No absolutely not, we are a group of enthusiastic electric vehicle owners who want to make Northern Ireland a better place for EV drivers with the environmental and economic improvements that it brings. We aim to encourage and empower others who have made, or are considering making, the switch to EVs and guiding them to make appropriate decisions.
There are many EVs that are still on the road many years after leaving the factory and manufacturers warrant batteries for 7-10 years. One taxi company in England operates the Nissan Leaf as part of their fleet and have put 120,000 miles on the clock before seeing any degradation in performance.
Modern EV batteries are reusable and recyclable. Some manufacturers are using battery packs that are not suitable for vehicle use and reusing them as home storage units where power to weight is not important. When a battery is at the end of its life batteries are highly recyclable to extract all the useful materials. The battery materials can be recycled multiple times so minimising the need for virgin materials.
There are multiple methods of extracting lithium from hard rock mining, extraction from underground reservoirs and geothermal water extraction. Each process has varying degrees of environmental impacts. Battery manufacturers are very conscious of these impacts and are working to reduce their impact and be sustainable for local indigenous communities and the wider supply chain. The ability to recycle batteries is well proven and the volume of virgin materials needed will reduce.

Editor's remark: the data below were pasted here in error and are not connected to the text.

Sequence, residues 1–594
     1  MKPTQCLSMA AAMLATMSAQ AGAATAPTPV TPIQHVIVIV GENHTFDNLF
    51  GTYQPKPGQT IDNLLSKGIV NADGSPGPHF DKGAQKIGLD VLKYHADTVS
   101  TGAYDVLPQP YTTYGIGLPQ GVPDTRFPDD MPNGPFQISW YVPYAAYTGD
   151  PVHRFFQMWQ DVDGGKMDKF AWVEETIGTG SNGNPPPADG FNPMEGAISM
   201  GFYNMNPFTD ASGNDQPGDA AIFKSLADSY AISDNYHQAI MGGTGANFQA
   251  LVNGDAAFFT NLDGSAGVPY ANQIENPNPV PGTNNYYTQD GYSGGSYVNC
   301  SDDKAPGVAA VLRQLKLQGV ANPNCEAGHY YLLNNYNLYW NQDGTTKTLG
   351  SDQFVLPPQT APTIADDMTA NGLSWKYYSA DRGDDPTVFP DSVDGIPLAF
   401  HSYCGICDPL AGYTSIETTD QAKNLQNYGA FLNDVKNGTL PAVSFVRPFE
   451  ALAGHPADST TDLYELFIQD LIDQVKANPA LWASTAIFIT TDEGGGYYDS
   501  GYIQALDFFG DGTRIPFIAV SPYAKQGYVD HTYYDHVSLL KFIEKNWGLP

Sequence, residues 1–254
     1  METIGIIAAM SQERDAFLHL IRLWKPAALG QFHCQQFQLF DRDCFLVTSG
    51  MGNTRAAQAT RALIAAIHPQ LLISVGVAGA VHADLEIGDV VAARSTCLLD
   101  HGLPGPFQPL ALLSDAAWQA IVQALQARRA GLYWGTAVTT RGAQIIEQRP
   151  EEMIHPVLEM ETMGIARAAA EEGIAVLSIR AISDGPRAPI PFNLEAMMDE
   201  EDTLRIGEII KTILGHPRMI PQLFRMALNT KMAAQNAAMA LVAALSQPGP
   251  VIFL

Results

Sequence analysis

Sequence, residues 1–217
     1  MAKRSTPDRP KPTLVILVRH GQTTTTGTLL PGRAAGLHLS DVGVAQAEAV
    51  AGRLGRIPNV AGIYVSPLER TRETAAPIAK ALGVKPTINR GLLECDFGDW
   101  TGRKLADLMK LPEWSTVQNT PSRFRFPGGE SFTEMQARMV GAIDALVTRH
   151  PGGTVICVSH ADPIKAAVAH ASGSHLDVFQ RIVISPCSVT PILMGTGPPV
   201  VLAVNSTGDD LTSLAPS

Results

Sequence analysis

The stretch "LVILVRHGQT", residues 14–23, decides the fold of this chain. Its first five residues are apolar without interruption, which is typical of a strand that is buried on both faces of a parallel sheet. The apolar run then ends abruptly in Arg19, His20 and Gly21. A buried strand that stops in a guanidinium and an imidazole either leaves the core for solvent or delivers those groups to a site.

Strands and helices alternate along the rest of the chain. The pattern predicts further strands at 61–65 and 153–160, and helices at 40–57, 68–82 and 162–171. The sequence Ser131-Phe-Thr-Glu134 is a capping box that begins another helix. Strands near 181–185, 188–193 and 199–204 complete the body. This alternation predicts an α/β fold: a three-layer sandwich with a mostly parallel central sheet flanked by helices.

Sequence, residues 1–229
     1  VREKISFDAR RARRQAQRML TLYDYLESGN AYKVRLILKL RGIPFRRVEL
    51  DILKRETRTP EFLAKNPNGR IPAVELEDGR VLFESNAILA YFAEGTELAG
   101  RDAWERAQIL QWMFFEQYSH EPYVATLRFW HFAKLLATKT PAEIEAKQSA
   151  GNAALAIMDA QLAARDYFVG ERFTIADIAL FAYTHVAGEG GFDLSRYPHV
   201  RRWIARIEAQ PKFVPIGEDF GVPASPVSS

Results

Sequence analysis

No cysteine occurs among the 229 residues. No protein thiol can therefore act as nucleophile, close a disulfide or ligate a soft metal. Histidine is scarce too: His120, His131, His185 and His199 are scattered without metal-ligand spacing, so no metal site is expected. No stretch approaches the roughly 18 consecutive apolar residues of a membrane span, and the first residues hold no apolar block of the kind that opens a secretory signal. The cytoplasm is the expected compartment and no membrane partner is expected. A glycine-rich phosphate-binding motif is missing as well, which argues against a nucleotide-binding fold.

There are many formulations of battery technology and they are constantly evolving. Whilst a large amount of cobalt originated in the Congo, battery producers have stepped up efforts to ensure ethical sourcing and supply chain integrity. Equally important is the announcement by some manufactures to eliminate cobalt from their battery chemistry.
This is a slightly more complicated one to answer but in short, pick an energy supply who sources electricity generated from renewable sources then your vehicle will have zero emissions. In NI approximately 50% of our energy comes from renewable sources so even going with a standard tariff means your overall emission contribution is lower than many fossil fuelled vehicles and you are reducing other emissions into the local environment.